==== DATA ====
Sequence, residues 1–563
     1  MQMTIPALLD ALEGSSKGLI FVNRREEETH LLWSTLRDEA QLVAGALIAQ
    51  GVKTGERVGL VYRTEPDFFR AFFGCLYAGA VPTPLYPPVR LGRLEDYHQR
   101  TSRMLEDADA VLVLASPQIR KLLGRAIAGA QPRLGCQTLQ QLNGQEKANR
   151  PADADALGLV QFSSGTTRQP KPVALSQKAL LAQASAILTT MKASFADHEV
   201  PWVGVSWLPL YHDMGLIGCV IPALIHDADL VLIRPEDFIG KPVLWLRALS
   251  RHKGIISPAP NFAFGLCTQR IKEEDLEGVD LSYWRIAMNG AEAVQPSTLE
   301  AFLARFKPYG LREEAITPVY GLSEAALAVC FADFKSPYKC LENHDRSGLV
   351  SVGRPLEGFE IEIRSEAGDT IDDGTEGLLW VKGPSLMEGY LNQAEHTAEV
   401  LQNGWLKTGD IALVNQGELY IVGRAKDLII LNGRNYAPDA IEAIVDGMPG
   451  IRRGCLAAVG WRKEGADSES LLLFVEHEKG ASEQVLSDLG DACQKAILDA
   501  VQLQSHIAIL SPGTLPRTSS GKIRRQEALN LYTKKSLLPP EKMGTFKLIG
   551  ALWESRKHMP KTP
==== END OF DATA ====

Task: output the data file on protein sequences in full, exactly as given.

Sequence, residues 1–563
     1  MQMTIPALLD ALEGSSKGLI FVNRREEETH LLWSTLRDEA QLVAGALIAQ
    51  GVKTGERVGL VYRTEPDFFR AFFGCLYAGA VPTPLYPPVR LGRLEDYHQR
   101  TSRMLEDADA VLVLASPQIR KLLGRAIAGA QPRLGCQTLQ QLNGQEKANR
   151  PADADALGLV QFSSGTTRQP KPVALSQKAL LAQASAILTT MKASFADHEV
   201  PWVGVSWLPL YHDMGLIGCV IPALIHDADL VLIRPEDFIG KPVLWLRALS
   251  RHKGIISPAP NFAFGLCTQR IKEEDLEGVD LSYWRIAMNG AEAVQPSTLE
   301  AFLARFKPYG LREEAITPVY GLSEAALAVC FADFKSPYKC LENHDRSGLV
   351  SVGRPLEGFE IEIRSEAGDT IDDGTEGLLW VKGPSLMEGY LNQAEHTAEV
   401  LQNGWLKTGD IALVNQGELY IVGRAKDLII LNGRNYAPDA IEAIVDGMPG
   451  IRRGCLAAVG WRKEGADSES LLLFVEHEKG ASEQVLSDLG DACQKAILDA
   501  VQLQSHIAIL SPGTLPRTSS GKIRRQEALN LYTKKSLLPP EKMGTFKLIG
   551  ALWESRKHMP KTP